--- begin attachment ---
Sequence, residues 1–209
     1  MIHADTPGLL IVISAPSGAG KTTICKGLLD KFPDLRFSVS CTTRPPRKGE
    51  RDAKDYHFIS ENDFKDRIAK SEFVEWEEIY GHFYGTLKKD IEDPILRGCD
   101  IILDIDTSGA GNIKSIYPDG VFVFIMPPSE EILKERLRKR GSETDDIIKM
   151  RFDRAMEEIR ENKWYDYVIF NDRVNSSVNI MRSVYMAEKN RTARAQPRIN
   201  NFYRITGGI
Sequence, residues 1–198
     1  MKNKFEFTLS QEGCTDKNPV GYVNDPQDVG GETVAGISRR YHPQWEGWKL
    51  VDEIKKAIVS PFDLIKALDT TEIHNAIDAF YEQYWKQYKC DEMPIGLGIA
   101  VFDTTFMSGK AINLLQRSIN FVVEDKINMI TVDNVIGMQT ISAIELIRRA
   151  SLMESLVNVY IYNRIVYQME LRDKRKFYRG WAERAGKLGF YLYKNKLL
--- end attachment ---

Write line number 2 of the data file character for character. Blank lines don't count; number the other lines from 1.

     1  MIHADTPGLL IVISAPSGAG KTTICKGLLD KFPDLRFSVS CTTRPPRKGE